Now, if you’ll excuse me, my public awaits. I actually got recognised in the supermarket the other day.

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Hello? Good PR is collaborative, not inauthentic

faces-63516_640It recently emerged that Adele is no longer allowed to tweet without first running her tweets by her management team as a precaution against using Twitter while drunk. This got me thinking more generally about some of the key benefits of having outside help. Whether your customers are consumers (like Adele’s) or b2b like most of our clients, it’s good to have someone to collaborate with to stop mistakes being made and show the best, rather than worst of you. No-one wants to engage with drunk, boring or incoherent communications and while we don’t police the drinking we can help our clients with making communications really sing.

Agreeing on a strong message – Working with a good PR team should be a collaborative experience that improves the quality of the messages you communicate rather than just editing out the bad stuff or diluting the message. Messaging is generally the starting point where the agency works to understand your business and the challenges facing your customers, and then uses this to form the key messages that you want to communicate to the market. They are still your company’s messages, just conveyed in a way that makes them a bit more interesting to journalists and aligned with the key industry issues that interest your customers.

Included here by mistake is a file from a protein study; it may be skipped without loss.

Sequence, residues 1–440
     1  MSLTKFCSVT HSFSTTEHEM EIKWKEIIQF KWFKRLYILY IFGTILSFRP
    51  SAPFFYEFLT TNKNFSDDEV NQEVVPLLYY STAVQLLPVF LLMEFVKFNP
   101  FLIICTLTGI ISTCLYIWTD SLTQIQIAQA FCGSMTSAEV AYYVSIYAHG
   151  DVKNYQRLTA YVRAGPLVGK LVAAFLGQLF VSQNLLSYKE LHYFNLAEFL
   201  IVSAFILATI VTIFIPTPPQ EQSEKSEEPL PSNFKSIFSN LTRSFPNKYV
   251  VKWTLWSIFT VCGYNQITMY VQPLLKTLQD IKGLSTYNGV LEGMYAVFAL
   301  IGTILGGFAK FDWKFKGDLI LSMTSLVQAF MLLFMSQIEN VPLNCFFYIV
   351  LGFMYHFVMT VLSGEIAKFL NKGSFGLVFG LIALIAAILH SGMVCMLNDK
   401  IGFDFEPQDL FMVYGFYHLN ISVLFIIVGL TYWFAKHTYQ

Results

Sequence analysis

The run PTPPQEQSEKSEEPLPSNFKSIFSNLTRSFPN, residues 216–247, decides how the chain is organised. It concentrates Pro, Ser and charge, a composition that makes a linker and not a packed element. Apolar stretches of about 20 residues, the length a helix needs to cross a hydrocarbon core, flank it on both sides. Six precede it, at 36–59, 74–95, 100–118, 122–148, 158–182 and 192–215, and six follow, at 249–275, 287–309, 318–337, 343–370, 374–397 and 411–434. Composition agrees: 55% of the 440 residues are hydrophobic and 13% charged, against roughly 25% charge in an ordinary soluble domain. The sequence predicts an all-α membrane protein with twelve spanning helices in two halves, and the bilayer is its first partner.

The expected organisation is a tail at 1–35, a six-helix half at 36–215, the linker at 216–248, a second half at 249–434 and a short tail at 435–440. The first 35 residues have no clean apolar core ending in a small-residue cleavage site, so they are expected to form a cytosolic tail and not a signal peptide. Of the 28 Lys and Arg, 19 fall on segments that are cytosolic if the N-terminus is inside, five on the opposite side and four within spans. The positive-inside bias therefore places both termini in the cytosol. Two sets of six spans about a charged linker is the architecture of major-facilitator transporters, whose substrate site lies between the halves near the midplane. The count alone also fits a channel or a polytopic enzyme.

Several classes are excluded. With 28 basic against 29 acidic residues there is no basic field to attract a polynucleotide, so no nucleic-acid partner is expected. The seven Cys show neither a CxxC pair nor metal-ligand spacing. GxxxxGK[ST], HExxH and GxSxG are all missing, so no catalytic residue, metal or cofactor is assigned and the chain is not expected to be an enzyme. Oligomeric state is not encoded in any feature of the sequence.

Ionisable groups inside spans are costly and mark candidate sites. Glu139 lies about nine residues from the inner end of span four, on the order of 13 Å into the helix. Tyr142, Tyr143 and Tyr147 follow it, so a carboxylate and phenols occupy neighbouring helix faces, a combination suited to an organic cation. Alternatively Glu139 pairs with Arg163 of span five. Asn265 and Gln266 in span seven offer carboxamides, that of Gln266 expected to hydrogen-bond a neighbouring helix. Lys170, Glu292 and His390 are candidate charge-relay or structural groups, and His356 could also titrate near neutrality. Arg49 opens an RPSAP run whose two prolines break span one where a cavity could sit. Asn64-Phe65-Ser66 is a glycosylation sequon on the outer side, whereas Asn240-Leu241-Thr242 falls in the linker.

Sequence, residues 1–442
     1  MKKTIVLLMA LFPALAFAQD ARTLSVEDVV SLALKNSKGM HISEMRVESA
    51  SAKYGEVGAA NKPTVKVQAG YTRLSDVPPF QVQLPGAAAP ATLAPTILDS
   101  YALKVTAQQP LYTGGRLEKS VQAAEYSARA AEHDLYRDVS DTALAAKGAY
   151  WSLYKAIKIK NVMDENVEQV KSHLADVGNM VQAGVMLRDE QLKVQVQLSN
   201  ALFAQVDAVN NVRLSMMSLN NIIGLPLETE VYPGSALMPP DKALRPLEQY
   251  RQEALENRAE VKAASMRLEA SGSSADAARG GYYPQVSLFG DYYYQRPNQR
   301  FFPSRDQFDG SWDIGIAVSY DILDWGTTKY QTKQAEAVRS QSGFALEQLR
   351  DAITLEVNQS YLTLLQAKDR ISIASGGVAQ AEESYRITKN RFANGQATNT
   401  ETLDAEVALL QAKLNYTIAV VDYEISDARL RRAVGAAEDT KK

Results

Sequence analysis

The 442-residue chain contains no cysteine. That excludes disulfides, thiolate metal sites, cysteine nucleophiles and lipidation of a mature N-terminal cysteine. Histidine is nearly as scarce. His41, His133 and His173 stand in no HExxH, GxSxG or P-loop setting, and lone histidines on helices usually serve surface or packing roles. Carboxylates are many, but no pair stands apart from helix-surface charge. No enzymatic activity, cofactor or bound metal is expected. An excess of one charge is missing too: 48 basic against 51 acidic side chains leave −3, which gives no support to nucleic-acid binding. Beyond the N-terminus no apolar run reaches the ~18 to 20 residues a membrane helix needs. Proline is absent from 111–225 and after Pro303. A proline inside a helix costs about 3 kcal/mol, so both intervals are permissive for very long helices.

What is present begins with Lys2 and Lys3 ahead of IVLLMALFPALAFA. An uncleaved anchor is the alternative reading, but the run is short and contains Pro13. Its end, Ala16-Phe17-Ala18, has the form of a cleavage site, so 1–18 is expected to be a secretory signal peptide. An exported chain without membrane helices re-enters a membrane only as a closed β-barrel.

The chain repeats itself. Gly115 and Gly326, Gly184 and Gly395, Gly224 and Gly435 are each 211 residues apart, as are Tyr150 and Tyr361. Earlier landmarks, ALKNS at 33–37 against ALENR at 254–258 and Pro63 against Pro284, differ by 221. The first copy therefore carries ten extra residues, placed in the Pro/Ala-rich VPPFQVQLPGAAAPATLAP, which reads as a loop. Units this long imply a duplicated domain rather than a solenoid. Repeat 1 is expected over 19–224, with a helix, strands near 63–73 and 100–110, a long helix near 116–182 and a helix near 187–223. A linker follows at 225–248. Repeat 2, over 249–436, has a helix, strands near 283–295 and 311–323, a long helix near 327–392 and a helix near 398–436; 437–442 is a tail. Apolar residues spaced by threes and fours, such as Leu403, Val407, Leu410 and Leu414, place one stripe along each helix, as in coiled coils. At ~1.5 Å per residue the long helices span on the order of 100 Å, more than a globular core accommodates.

A sounding board – While CEOs and marketing managers are the experts on their own business, it can be useful to sound ideas out with someone else not as closely involved with the nuts and bolts, especially if you have been working on the same thing for a while. Running drafts of whitepapers or intended conversation points by your PR agency can help ensure what you are saying is simple to understand and is aimed at the intended audience. Brainstorming with your agency is another good way to come up with fresh ideas, either if there is an important company announcement you would like to make the most of or if you want to come up with a creative idea to generate some coverage. Brainstorming can also be particularly useful to come up with campaign ideas around a new product area or if you are looking to target a specific market.